And Roman law did also, as did the laws of many other ancient civilizations. This corroboration law continued throughout the ages. And it continued through English law which we in the United States inherited, as Common Law.
Later, modern legislatures enacted much of the Common Law into statute, including in Minnesota, and including this one.
But in the late 20th Century the Minnesota legislature amended Minnesota Statutes to significantly degrade this ancient legal right. The right had long served to protect innocents from false witnesses and false charges.
“In a prosecution under sections 609.342 to 609.3451; 609.3453; or Minnesota Statutes 2004, section 609.109, the testimony of a victim need not be corroborated.”Minn. Stat. §609.347, Subd. 1 (corroboration language amended 1975)
Sanhedrin conviction leads to second, Roman trial of Jesus
The Sanhedrin council deliberates, then convicts him of the crime of false prophecy. And then they had him bound and sent to Pilate, the Roman Governor. As a subject state, the government of Judea at the time had no legal authority to execute a death sentence.
Previously, when they did have that authority, the Sanhedrin had four forms of the death penalty. The forms of the death penalty in Judea included hanging, burning, and decapitation – but not crucifixion.
Since they did not have the legal power to kill him, they brought Jesus to the Roman Governor Pilate. The Roman overlords could legally execute a death penalty. (But by this time Rome had long abandoned the death penalty for Roman citizens. They only used it against slaves and non-citizen foreigners.)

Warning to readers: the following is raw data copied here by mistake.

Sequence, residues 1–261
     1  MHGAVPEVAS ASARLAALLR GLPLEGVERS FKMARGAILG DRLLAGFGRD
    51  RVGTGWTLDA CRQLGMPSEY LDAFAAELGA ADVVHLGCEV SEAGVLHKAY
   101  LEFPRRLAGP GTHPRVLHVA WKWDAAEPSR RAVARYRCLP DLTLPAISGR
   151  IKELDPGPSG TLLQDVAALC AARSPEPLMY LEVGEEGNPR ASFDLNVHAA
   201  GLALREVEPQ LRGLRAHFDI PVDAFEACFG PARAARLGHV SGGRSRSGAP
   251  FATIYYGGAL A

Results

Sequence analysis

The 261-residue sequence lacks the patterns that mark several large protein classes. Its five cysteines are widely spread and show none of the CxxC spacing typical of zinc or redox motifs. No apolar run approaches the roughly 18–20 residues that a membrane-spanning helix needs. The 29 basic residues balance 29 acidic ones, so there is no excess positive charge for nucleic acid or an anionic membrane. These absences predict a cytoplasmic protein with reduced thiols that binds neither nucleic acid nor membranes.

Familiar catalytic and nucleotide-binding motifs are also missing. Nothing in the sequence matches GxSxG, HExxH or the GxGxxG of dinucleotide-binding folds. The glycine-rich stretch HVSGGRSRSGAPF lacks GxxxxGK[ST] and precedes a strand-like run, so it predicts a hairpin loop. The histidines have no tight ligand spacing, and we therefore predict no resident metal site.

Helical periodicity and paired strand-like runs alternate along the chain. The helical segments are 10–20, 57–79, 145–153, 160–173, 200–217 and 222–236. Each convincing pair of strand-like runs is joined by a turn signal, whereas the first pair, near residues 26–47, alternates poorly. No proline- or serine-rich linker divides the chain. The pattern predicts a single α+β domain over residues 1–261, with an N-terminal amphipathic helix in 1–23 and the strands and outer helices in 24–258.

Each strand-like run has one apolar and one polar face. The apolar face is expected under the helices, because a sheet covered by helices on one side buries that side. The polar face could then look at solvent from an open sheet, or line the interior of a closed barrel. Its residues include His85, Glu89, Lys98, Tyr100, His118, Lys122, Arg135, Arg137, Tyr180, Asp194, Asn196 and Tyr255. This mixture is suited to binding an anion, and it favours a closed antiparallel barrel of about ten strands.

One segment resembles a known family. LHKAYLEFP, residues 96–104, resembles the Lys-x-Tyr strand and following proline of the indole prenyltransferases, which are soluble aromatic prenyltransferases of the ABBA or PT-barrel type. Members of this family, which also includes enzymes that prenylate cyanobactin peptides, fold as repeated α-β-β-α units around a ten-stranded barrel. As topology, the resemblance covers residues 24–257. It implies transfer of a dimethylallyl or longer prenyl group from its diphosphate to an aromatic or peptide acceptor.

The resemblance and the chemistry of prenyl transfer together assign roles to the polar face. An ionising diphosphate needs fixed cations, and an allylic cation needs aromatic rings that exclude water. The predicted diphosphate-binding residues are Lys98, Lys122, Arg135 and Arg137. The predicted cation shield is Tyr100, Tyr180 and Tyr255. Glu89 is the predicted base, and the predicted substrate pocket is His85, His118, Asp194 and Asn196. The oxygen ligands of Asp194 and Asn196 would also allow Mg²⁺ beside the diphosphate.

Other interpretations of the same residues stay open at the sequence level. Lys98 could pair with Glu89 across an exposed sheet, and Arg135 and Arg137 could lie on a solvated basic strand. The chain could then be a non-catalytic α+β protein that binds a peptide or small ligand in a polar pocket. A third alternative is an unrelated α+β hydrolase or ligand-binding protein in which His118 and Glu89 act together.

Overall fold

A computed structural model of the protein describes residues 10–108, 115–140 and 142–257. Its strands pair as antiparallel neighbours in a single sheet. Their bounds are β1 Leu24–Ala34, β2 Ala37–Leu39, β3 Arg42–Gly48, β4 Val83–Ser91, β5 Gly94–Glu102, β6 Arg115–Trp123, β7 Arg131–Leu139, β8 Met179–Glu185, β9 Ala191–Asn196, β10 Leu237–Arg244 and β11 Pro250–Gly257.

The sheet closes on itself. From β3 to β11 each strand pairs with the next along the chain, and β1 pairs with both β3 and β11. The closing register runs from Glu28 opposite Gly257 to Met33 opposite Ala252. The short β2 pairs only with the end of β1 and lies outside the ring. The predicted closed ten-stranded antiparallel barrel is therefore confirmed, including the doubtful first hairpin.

Second Trial, to Roman Governor: political crime
So Governor Pilate alone had the legal authority to execute the Sanhedrin’s death sentence (to review the first trial). But instead, he chose to conduct another Trial, on a different criminal accusation.
At the second trial of Jesus, the Romans accuse him of a political crime. The Roman government accuses Jesus of claiming to be The King of the Jews, a rebel against Roman authority.
After all, the Romans already had a King of the Jews – theirs. Any challenge to the authority of the Jewish government in Judea was a challenge to Roman authority. Because Rome’s Jewish King of Judea was subject to Rome and her authority.
Jesus pleads the Fifth, again
Cross examination of the defendant: As Mark tells us, 15:2:
“And Pilate asked him, Art thou the King of the Jews? And he answering, said unto him, Thou sayest it.“
“the chief priests accused him of many things but he answered nothing.“
“Pilate asked him again, saying, behold how many things they witness against thee.”
“But Jesus yet answered nothing; so that Pilate marvelled.”
So, at the second trial of Jesus, he again refused to answer the accusations.
Passover lenity tradition